Cooler temps, apples on the menu, and a kaleidoscope of colours on the surrounding trees: it's autumn in New York. And while the leaves in Central Park are indeed glorious, to get the full fall effect, we suggest heading a couple hours north to the Catskills and Hudson Valley region, which rival New England for extraordinary fall foliage.
The region surrounding the Hudson River and the Catskill Mountains is aflame with colour in September and October, and the season's bounty is on display at restaurants across the area. It's prime time for hiking and biking, and boating on lakes is still prevalent before it gets too cold. But definitely plan ahead: it's one of the most popular fall weekend getaways for New Yorkers.
Where to stay
The heyday of the Catskills Dirty Dancing-style hotel is long over, but the area has experienced a significant renaissance in the last decade after a prolonged slump. Now, there's a serious crop of luxury boutique hotels to stay at.
Wildflower Farms, an Auberge Resort, opened last year with posh, modern cottages spread out over the property's 140 acres. A spa, pool, gym, restaurant, and speakeasy-style bar keep guests busy, along with activities like cooking and baking classes, hiking, and pottery workshops. There's also a farm, complete with egg-laying chickens that guests can visit to collect their breakfast ingredients.
Wildflower Farms, an Auberge Resort
Also opened last year, The Chatwal Lodge is the sister property to the beloved The Chatwal in Manhattan. The exclusive luxury hotel is nestled within the 18,000-acre Chapin Estate, a private wildlife reserve with miles of colourful forest. There are 11 cushy cabins, which are really more like stone houses with fireplaces, deep soaking tubs, and outdoor spaces overlooking the Toronto Reservoir, where guests can boat and go fly fishing.
Kenoza Hall is a 55-acre lakefront retreat with a meticulously restored white clapboard house dating back to the 1880s with 22 deluxe rooms, a bar, and a gourmet restaurant. Behind the main building is a swimming pool and Hemlock Spa, as well as ten new luxe bungalows, each with private porches, gas stoves, and soaking tubs.
INNESS is situated on 225 bucolic acres. There are 28 minimalist cabins, a 12-room farmhouse, a restaurant and private guest-only lounge, a nine-hole golf course, tennis courts, two swimming pools, and hiking trails. A wellness building with a spa and fitness centre is set to open later this year.
Eat and drink
It's no surprise that a region known for its farmland has top-quality restaurants serving exceptional food – and it doesn't hurt that acclaimed chefs from NYC tend to move here for the next phase of their careers. While each of the hotels mentioned has excellent restaurants, it's also worth exploring a bit farther afield.
The seasonally driven tasting menu at the award-winning The DeBruce in Livingston Manor is unforgettable and a perfect way to truly experience fall's abundance. Further west in Bovina is Brushland Eating House, a stylish spot on the first floor of an old farmhouse offering a weekly changing menu. Peekamoose in Big Indian has been around for 20 years and sets the standard for farm-to-table fare and legendary hospitality. There's a formal dining room and a walk-in-only tavern, both offering seasonal cuisine.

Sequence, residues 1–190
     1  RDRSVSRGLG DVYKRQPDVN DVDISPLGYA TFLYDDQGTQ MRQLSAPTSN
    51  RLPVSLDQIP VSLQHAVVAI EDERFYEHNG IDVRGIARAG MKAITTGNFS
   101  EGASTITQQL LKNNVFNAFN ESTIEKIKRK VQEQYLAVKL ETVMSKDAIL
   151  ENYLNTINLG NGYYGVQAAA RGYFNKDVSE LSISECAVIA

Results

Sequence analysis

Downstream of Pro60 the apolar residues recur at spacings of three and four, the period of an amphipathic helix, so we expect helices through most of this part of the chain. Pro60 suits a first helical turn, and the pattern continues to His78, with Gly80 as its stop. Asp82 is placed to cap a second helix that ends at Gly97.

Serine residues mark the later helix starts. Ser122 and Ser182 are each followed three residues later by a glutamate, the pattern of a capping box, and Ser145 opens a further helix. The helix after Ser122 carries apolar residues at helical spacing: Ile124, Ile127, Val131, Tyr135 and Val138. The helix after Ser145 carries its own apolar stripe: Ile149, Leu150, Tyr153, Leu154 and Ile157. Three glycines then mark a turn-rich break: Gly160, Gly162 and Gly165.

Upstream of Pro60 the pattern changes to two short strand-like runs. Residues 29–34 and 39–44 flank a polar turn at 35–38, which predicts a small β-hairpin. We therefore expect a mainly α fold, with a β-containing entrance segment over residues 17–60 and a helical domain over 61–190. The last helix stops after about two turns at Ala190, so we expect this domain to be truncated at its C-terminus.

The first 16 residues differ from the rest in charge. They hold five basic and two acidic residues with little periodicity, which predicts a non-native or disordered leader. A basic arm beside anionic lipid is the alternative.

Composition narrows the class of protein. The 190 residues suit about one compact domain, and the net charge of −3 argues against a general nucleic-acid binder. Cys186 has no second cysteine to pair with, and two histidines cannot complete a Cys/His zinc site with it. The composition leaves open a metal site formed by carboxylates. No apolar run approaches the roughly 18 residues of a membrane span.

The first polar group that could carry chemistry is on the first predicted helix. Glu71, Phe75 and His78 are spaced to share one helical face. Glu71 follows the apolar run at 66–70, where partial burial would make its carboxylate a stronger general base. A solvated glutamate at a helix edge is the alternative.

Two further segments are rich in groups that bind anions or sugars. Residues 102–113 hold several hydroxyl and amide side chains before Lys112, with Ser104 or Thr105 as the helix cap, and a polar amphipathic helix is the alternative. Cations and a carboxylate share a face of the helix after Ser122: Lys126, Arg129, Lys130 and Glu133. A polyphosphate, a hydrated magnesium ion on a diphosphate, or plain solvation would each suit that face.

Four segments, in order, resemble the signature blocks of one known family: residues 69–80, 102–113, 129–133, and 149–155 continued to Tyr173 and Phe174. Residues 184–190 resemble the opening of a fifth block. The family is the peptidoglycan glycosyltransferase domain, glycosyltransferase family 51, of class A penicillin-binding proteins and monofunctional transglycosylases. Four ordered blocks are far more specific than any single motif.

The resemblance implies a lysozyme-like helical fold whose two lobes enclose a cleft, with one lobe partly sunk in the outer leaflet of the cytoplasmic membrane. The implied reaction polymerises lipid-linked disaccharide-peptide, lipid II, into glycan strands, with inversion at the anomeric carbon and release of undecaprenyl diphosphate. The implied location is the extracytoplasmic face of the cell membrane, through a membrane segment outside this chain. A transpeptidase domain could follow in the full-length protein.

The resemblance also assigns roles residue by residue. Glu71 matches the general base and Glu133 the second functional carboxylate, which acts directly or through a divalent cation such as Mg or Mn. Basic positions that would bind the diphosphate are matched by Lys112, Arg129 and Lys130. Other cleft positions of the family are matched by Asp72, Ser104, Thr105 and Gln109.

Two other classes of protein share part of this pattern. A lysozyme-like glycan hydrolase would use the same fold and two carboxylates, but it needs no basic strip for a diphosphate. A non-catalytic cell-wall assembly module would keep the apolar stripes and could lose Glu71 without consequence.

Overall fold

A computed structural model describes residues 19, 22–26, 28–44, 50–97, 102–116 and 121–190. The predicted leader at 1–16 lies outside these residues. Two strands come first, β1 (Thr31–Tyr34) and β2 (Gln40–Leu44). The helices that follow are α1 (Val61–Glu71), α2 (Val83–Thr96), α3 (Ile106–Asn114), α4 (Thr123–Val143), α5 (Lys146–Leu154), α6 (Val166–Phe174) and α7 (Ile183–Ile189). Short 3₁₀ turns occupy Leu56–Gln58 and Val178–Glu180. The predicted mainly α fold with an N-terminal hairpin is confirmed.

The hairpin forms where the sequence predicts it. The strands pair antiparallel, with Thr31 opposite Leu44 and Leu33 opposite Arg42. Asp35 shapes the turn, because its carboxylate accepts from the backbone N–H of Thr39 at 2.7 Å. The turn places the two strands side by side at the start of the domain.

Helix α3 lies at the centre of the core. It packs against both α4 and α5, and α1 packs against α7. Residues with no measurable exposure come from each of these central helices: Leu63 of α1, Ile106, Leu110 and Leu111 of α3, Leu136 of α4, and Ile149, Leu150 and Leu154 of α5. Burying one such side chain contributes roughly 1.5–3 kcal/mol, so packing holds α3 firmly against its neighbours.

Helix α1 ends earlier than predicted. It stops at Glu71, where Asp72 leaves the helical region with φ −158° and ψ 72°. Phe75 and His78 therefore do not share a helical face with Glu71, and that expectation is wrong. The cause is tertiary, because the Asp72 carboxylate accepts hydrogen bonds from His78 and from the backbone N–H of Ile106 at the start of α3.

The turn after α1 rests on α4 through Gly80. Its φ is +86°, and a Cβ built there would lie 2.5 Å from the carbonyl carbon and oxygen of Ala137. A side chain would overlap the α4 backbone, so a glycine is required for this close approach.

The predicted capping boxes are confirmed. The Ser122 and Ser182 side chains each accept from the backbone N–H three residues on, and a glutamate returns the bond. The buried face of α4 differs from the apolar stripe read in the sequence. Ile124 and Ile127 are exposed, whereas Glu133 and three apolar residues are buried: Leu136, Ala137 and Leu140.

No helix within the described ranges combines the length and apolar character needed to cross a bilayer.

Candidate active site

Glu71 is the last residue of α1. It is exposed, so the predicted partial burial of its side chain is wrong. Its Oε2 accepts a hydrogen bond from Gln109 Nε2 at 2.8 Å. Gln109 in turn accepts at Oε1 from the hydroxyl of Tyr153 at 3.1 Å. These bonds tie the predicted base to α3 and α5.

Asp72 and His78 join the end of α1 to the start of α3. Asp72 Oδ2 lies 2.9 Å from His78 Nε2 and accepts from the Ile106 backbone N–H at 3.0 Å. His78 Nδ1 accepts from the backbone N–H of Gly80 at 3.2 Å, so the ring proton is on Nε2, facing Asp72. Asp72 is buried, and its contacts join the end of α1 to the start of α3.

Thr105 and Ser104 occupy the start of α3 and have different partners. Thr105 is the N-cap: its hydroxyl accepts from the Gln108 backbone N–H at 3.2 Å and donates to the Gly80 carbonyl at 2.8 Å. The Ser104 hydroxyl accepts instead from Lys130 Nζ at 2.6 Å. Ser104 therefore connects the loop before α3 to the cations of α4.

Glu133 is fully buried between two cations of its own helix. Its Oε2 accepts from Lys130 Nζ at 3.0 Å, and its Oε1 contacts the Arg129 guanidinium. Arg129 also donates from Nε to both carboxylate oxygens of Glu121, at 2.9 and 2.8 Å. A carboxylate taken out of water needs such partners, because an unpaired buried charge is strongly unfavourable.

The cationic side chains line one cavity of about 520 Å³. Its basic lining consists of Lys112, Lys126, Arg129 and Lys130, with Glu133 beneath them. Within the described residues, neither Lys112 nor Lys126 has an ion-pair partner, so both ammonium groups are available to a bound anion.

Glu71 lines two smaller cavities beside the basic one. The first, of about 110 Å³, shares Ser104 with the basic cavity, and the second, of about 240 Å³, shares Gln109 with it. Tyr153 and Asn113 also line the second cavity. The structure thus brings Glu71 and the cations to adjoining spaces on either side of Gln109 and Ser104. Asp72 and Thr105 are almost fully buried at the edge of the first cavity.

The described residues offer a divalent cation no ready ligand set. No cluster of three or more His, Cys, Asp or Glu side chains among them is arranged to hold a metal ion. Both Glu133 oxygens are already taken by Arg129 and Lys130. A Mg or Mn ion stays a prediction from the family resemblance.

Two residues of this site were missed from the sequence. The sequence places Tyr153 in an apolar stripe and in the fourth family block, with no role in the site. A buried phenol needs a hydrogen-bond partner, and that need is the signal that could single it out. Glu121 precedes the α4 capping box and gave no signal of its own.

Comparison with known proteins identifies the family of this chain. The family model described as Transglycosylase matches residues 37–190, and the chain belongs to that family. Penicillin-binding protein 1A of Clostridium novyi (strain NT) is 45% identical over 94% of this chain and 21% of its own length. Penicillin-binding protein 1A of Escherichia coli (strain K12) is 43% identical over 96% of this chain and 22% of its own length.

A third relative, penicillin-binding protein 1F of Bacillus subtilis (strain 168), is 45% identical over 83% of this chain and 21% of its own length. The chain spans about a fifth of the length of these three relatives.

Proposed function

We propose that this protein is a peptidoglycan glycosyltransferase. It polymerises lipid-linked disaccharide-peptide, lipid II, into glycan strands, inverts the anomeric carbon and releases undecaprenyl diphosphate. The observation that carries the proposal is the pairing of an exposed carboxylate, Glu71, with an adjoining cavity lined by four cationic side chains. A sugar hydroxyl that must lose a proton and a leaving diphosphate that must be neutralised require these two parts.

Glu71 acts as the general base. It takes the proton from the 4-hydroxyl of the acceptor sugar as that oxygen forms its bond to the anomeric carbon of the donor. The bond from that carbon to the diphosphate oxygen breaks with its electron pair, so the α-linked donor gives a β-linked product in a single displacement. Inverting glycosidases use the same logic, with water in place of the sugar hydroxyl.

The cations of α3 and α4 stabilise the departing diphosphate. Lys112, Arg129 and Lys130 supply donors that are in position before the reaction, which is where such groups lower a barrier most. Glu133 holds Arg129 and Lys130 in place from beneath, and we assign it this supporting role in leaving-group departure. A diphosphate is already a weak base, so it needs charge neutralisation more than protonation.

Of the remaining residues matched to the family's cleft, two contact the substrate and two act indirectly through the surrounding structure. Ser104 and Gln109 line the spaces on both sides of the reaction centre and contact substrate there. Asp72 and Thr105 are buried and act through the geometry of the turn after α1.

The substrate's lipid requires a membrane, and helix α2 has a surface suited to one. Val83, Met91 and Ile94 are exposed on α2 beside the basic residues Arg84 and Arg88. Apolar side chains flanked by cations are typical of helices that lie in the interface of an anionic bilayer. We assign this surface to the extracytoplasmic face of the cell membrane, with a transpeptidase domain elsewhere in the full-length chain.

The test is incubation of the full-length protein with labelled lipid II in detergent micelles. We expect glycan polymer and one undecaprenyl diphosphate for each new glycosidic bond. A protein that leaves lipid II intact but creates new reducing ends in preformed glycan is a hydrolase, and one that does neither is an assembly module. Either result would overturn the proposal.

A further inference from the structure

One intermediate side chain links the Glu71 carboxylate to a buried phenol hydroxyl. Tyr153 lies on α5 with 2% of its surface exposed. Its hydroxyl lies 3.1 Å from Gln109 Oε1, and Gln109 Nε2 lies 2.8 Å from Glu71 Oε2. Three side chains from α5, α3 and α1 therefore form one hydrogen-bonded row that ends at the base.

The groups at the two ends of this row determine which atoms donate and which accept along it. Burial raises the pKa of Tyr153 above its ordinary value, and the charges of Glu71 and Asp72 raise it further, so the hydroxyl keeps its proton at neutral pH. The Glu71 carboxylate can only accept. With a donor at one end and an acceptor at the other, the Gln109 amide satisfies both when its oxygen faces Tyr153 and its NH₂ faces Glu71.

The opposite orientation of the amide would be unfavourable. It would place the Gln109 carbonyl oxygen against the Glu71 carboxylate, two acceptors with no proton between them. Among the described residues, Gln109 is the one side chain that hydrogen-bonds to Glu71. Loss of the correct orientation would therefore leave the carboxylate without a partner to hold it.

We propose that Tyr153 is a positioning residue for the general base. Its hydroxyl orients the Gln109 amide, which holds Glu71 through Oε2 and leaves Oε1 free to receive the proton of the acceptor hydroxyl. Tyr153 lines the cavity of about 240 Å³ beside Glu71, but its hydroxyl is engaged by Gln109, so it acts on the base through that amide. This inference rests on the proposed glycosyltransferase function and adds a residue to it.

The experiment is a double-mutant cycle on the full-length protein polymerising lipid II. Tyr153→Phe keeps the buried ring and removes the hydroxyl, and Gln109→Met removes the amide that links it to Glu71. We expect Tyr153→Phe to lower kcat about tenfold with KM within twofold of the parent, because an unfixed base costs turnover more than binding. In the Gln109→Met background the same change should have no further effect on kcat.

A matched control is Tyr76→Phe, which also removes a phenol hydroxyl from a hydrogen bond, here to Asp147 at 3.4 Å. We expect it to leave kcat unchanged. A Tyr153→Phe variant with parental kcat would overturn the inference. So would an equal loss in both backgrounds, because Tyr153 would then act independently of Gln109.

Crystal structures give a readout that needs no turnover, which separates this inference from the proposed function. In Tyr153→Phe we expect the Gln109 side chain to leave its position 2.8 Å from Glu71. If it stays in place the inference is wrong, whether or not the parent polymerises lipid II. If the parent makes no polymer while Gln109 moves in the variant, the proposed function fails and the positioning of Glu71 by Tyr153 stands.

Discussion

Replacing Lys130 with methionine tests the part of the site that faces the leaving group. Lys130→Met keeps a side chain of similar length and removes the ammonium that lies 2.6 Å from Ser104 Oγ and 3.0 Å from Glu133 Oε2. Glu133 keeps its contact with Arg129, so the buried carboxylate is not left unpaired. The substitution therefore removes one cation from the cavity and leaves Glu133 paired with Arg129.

Enjoy lunch on an apple orchard at Westwind Orchard for something more casual. You can sip their hard ciders and eat freshly made pizzas, pasta, and salads with ingredients grown on-site. They also have a farm shop where you can buy their homemade jam, apple cider vinegar, honey, and maple syrup.
The larger cities of Hudson, Kingston, and Rhinebeck offer many options. A few favourites include Café Mutton, Wm. Farmer & Sons, Backbar, Feast & Floret, Lola, Sonder, The Amsterdam, and Terrapin. For a sweet treat, ice cream from Alleyway in Saugerties or Culture Cream in Hudson are both delicious; for baked goods, the multiple locations of the Bread Alone cafes are excellent; alternatively, try the beautiful Jeffersonville Bakeshop or the doughnuts from Gracie's Luncheonette in Leeds.
There are now dozens of wineries, distilleries, and breweries in the Catskills and Hudson Valley, and many are worth a visit. We suggest checking out the Catskill Provisions Distillery, which produces whiskey, gin, and vodka made with local honey; Dutch Spirits, which has an illustrious bootlegging past; and Lasting Joy Brewery, featuring beers brewed with locally grown ingredients in a stylish tasting room. Our favourite wine bar is Sunshine Colony in Livingston Manor.
Spot colourful leaves
The great outdoors is why most New Yorkers head north, and the Catskill Mountains and Hudson River banks put on quite a show come fall. Hiking trails are one of the best ways to see magnificent fall foliage: our pick of the region's best trails include Overlook Mountain Trail in Woodstock – boasting a 60-foot fire tower at the summit offering incredible panoramic views that are a rainbow of reds, oranges, and yellows in fall – or Kaaterskill Falls Trail, which leads to a 260-foot waterfall surrounded by trees.
There are 50 miles worth of trails inside the Minnewaska State Park Preserve; Harriman State Park, Hudson Highlands State Park Preserve, and Bashakill Wetlands are a few other prime foliage hiking spots.
Minnewaska State Park Preserve
Not up for a hike? At Hunter Mountain, you can take a chairlift to the top for epic views. To drive your way through the scenery, motor along the 52-mile Catskill Mountains Scenic Byway or the Mountain Clove Scenic Byway. For a bit of art with your nature, visit one of the outdoor sculpture gardens like Storm King Art Center, Art Omi, or Opus 40. Pine Hollow Arboretum, Boscobel in Garrison, and Olana in Hudson all feature stunning manicured landscapes that light up in fall.
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